Acute Cholecystitis - Critical Care Practitioner

Acute Cholecystitis

Acute cholecystitis, which refers to inflammation of the gall bladder,  mainly occurs as a complication of gallstone disease. Natural history of asymptomatic and symptomatic gallstones. Am J Surg 1993.

Inflammatory mediators are released in response to gallbaldder inflammation and make that inflammation worse. Pathophysiology of acute obstructive cholecystitis: implications for non-operative management. Br J Surg 1987.


  • Abdominal pain, commonly in the right upper quadrant or epigastrium.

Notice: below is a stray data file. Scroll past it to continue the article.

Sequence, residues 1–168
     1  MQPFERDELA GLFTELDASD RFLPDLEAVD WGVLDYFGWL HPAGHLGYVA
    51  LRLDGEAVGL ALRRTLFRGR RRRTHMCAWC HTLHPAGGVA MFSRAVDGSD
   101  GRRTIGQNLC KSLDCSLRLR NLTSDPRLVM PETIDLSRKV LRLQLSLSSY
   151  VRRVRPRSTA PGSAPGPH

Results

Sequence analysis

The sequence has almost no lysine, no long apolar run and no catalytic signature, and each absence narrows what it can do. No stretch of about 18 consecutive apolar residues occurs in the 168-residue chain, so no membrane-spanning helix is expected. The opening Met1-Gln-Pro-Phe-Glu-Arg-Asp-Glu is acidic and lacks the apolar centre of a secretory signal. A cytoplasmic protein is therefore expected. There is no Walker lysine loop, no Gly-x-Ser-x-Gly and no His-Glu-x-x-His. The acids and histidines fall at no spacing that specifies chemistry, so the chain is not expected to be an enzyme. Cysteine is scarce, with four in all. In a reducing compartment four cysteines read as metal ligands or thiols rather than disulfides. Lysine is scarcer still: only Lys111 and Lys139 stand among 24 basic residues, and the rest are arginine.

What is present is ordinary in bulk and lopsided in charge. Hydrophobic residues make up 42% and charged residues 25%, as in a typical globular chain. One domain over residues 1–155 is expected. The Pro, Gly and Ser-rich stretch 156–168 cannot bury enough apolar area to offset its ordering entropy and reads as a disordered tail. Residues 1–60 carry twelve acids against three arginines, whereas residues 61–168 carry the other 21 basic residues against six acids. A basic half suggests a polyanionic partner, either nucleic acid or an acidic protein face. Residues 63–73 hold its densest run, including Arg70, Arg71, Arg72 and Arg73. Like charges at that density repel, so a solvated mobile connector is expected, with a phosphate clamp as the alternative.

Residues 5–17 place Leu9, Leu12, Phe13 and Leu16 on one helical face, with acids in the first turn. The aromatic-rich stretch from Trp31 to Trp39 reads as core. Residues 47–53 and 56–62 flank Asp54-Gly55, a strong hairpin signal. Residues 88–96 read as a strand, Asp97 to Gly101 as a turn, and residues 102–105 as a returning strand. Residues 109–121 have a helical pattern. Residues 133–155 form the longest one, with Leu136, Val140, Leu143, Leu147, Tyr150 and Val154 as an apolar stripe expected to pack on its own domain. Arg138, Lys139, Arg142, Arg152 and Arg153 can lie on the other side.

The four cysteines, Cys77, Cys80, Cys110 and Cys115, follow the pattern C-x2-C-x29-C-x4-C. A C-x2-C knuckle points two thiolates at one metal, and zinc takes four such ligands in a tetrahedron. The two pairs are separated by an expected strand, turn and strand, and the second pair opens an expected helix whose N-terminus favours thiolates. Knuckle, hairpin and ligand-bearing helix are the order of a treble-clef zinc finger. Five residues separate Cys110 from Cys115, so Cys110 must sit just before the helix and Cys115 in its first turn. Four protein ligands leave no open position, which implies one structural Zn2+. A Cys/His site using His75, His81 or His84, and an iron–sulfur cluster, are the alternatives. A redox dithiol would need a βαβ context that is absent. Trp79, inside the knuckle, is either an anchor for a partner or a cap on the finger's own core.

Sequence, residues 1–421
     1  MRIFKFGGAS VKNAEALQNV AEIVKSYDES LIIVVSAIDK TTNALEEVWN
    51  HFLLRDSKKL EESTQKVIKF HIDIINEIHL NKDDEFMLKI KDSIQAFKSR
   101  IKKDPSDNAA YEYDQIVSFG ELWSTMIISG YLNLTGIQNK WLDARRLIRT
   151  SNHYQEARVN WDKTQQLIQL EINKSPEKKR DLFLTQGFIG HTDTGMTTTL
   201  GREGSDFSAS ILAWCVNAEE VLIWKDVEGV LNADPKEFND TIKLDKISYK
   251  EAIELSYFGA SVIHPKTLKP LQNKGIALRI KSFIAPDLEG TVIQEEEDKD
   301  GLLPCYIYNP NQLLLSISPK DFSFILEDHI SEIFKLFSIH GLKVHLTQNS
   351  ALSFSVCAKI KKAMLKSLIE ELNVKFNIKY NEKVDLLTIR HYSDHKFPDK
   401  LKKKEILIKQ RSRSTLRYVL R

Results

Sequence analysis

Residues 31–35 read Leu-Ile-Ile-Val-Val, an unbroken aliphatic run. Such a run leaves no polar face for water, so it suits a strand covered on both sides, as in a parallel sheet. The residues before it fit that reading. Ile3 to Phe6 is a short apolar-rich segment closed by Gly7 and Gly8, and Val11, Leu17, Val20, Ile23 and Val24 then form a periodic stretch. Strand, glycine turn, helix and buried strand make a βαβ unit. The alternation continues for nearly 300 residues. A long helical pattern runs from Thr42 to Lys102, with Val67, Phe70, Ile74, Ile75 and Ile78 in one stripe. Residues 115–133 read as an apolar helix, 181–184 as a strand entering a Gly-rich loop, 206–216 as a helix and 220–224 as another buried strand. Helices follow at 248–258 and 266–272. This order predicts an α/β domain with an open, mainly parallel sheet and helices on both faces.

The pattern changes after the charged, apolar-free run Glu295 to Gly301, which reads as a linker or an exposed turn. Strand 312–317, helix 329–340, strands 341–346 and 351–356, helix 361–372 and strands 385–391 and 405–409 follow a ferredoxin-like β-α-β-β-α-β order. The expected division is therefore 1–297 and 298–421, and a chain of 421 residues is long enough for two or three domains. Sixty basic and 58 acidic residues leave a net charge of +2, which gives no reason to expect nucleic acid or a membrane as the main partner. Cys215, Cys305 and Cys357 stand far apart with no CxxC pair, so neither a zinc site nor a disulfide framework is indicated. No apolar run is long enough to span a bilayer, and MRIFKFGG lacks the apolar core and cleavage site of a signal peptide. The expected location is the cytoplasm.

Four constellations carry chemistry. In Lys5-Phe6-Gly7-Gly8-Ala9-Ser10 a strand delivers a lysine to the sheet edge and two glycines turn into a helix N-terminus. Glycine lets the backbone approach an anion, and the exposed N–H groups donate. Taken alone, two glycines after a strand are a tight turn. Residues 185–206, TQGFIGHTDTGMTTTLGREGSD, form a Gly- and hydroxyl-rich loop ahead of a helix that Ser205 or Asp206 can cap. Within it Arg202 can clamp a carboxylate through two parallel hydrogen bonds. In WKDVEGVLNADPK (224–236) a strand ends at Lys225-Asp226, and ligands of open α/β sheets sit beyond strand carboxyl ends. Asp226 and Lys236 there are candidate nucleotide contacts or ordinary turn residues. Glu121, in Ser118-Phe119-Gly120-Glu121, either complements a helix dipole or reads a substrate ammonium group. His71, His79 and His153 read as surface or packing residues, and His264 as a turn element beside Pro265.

• Pain may radiate to the right shoulder or back.
  • Steady and severe pain.
  • May include:
    • fever
    • nausea
    • vomiting
    • anorexia.
  • Pain typically prolonged, greater than 4-6 hours.

Physical Examination

  •  Elevation in the serum total bilirubin and alkaline phosphatase concentrations are not common in uncomplicated acute cholecystitis since biliary obstruction is limited to the gallbladder

Confirmation of the diagnosis of cholecystitis requires abdominal ultrasound. Features on ultrasound will include gallbladder wall thickening or oedema


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